Read: Fear of a female president
When Barack Obama visited the chancellor for the last time as president in late 2016, he was startled to see the same faces he first saw eight years earlier running her office. “You guys are still all here!” he exclaimed. Her staff is loyal because she works them no harder than she works herself. “She really thinks twice,” one of her top aides told me, “before she calls us on the weekend.” Merkel devours briefing books, not people.
Merkel clearly enjoys power. Power is a way to get things done: passing minimum wage, closing Germany’s nuclear power plants after the Fukushima explosion, promoting marriage equality, keeping the EU and the U.S. united in sanctioning Russia for invading Crimea, as well as rescuing the euro in 2008. In 2015, in her typically undramatic way, she announced, “Wir schaffen das,” we can handle this, thereby allowing 1 million refugees from the wars of the Middle East a chance to restart their lives in German society. To a remarkable extent, Germany has handled it, though the AfD sits in the Bundestag as a result.
Merkel does not seem to crave the trappings of power. She has no private jets, yachts, or mansions. Her security personnel are instructed to hang way back. (I’ve observed her shop for shoes: the image of a middle-aged lady trying on footwear, betraying not a hint that this is the world’s most powerful woman buying six identical pairs of sensible black flats.) She and her scientist husband live in the same apartment, across from Berlin’s Pergamon Museum, that they’ve lived in for decades. Only his name is on the buzzer. Her modest country house in her native Brandenburg is no paparazzi magnet. And here is another remarkable feat for one of the world’s most famous people: She has ferociously fought for, and has been largely granted, the right to a private life. Her closest staff was not sure where she spent her annual August break last year. (Mostly in her country house.) So, another formula for political longevity: If you are not constantly in the public’s face, chances are people won’t tire of you quite as fast. Even in her own country, Merkel is a figure of some mystery.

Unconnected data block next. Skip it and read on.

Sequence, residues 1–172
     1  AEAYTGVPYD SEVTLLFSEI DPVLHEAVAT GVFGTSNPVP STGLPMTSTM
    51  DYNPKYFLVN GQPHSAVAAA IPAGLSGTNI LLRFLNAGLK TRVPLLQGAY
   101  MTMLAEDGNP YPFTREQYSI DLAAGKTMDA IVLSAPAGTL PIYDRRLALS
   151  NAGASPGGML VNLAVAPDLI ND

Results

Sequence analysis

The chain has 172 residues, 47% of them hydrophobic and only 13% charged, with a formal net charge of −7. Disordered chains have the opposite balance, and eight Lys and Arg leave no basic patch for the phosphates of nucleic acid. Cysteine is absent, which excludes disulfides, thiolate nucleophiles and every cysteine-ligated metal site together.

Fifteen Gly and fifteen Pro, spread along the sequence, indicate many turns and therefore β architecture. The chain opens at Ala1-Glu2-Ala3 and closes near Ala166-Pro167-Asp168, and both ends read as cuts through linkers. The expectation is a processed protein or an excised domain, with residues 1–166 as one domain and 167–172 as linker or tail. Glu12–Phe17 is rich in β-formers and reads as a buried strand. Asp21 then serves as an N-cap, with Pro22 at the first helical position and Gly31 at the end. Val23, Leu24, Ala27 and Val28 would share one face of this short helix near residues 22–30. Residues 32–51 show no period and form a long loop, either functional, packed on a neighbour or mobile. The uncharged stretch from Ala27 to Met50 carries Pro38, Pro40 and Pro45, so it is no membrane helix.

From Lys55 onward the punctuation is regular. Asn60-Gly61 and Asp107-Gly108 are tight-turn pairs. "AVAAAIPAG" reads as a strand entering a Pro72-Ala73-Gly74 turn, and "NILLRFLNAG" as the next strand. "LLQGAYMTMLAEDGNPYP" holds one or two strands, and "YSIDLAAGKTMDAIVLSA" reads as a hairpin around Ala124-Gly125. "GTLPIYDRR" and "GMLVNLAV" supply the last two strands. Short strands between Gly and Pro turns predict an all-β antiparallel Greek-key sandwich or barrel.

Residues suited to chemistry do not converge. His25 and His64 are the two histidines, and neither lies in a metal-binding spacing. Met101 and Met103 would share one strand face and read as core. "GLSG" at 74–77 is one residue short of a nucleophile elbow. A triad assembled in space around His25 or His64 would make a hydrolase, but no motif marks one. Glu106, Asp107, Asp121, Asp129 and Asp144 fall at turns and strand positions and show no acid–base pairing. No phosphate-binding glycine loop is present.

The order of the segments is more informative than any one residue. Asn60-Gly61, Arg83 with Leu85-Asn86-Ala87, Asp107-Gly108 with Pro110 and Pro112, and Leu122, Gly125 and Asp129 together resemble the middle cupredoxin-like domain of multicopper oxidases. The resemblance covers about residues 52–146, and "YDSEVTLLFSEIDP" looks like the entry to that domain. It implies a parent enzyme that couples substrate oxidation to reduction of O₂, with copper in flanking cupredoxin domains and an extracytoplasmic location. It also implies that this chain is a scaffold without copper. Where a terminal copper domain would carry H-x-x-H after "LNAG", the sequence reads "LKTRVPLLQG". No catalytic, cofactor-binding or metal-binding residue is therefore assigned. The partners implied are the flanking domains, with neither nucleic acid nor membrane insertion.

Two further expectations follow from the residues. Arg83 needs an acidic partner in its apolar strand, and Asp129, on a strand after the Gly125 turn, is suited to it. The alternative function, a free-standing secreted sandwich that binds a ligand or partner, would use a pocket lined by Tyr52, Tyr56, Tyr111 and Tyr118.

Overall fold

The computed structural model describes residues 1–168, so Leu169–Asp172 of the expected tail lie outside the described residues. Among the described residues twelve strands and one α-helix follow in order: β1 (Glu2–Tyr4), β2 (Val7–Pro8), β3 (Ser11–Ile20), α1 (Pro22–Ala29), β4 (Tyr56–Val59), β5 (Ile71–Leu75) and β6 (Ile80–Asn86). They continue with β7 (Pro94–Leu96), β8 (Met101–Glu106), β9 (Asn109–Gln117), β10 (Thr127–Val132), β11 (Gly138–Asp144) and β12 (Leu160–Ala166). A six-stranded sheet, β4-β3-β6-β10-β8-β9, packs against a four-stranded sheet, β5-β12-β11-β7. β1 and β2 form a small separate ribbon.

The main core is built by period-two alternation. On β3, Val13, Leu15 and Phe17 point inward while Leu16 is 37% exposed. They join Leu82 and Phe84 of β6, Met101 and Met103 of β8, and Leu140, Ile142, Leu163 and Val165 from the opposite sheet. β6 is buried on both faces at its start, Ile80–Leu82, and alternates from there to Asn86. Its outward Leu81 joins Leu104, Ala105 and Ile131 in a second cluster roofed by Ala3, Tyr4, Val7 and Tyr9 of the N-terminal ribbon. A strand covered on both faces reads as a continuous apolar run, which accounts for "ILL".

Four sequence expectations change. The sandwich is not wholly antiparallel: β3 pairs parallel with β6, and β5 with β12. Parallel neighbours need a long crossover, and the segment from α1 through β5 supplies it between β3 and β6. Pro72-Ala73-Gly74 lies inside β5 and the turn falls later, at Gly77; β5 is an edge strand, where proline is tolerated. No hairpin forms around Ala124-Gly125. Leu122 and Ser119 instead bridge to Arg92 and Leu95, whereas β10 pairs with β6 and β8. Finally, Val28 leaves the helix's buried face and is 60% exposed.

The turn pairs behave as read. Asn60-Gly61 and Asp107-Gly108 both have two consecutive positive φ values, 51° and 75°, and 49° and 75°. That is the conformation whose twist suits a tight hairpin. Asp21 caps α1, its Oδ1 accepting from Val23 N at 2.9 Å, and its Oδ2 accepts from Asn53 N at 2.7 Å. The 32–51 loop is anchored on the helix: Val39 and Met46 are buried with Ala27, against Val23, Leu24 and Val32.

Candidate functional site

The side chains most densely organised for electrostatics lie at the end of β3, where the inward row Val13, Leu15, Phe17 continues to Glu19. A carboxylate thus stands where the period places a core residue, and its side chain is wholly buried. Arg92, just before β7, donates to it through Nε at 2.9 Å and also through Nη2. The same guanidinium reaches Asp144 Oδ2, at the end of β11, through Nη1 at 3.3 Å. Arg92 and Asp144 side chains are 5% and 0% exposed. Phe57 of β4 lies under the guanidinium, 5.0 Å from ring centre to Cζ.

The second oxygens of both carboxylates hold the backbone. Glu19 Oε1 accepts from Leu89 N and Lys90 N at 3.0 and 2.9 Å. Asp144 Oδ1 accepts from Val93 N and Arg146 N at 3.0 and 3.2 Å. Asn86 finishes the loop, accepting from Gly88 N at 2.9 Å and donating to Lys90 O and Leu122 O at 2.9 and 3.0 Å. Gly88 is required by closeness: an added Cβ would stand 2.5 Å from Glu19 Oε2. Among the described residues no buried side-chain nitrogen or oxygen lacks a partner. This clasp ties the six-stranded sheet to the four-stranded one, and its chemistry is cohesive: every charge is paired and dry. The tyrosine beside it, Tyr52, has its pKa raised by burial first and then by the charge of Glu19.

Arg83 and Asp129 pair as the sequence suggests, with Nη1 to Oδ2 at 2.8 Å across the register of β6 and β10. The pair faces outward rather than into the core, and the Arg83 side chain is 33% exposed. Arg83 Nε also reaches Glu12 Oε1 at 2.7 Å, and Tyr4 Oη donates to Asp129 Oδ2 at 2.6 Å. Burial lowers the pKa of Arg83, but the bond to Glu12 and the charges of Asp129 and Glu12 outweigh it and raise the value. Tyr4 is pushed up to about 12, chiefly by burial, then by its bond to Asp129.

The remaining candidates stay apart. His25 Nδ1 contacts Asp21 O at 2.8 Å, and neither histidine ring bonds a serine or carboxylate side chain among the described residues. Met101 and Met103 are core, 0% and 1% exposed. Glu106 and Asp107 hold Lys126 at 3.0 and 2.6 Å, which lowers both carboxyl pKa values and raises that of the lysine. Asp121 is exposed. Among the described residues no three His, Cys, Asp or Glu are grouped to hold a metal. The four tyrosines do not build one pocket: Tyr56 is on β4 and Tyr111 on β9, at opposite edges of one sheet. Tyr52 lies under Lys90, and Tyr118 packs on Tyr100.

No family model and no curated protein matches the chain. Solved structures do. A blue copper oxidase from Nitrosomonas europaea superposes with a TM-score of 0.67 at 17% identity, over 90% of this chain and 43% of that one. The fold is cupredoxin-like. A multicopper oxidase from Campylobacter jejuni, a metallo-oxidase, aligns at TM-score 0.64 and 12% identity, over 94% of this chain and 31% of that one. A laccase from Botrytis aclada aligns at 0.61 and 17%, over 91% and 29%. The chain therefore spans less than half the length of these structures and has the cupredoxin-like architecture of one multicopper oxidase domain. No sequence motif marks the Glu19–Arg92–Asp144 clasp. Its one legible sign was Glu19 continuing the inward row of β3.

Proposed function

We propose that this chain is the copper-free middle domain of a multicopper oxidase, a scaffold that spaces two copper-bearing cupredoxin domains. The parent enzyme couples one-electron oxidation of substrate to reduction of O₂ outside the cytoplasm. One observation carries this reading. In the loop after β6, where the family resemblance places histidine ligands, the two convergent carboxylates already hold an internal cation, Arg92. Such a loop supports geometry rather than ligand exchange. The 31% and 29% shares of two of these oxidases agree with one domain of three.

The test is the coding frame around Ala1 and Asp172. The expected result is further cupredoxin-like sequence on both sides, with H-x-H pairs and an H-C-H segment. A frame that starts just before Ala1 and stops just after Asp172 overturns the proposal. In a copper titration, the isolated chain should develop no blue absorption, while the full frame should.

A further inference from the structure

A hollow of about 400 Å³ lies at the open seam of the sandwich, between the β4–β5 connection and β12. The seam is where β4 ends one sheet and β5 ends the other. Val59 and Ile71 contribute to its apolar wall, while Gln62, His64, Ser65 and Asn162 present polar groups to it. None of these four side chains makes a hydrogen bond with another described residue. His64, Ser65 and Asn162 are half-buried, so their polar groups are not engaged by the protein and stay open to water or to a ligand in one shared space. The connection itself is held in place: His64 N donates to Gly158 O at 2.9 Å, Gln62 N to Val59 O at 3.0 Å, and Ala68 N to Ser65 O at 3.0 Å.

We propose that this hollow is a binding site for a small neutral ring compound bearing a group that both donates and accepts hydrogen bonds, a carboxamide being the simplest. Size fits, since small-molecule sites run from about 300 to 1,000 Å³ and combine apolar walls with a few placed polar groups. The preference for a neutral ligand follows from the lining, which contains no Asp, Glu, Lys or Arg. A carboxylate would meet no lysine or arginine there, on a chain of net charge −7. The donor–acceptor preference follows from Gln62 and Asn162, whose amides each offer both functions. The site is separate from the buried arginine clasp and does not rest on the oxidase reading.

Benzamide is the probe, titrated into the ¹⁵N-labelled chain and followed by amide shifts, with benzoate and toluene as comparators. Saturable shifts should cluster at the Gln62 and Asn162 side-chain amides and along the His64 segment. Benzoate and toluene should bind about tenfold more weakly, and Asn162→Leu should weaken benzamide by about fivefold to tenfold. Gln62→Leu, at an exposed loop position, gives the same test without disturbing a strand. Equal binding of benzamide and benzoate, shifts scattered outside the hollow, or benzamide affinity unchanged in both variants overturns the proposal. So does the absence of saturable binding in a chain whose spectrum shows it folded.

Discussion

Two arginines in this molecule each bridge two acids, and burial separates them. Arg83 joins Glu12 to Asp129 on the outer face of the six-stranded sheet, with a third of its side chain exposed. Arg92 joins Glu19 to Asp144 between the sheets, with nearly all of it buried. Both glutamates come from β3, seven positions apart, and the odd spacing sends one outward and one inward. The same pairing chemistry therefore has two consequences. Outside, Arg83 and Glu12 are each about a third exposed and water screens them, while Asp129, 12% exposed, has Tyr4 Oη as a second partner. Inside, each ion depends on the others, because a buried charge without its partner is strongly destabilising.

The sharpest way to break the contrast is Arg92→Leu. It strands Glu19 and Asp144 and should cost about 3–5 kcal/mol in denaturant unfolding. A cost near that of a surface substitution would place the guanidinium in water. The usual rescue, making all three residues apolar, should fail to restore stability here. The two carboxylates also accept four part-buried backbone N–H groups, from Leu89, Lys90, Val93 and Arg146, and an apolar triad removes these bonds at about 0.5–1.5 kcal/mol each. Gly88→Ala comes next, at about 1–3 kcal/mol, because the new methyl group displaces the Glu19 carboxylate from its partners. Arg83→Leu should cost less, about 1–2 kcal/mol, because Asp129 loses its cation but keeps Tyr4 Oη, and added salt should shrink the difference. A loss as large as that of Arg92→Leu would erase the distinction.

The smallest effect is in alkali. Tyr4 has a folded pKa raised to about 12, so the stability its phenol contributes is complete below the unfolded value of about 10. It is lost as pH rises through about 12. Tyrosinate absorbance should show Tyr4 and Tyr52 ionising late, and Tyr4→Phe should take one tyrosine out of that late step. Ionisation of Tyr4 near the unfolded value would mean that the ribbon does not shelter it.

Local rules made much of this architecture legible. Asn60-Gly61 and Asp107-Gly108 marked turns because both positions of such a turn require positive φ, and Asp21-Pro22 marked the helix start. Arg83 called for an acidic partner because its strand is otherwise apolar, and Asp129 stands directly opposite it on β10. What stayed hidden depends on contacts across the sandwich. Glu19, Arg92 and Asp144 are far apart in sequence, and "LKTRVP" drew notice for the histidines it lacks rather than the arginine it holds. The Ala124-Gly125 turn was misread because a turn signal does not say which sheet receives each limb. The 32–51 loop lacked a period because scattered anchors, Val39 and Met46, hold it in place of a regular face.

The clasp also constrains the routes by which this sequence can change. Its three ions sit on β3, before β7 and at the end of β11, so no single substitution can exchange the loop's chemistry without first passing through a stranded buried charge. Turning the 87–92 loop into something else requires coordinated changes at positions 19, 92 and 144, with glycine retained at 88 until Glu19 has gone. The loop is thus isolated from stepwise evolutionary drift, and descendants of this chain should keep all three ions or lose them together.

Persistence is a key component of the Merkel model. Merkel refuses to give up on even bad actors. She knows when Putin lies to her. He claimed, as his military moved into Crimea, that the “little green men” were not his militia. “We have eyes, Vladimir!” an exasperated Obama exclaimed, and stopped engaging him. Merkel persisted. In a single week in February 2015, Merkel shuttled among nine cities, on two continents, in search of peace.
Read: Does Germany hold the key to defeating populism?
She’s applied the same approach to Trump. Armed with maps and charts, she patiently explained to the American president how many jobs German car manufacturers create in South Carolina, and why NATO is about shared values, not merely dues paid into an account. In her view, even if only 10 percent of her message gets through, that’s better than giving up on Berlin’s most important relationship, its historic mentor and the midwife of German democracy, the United States.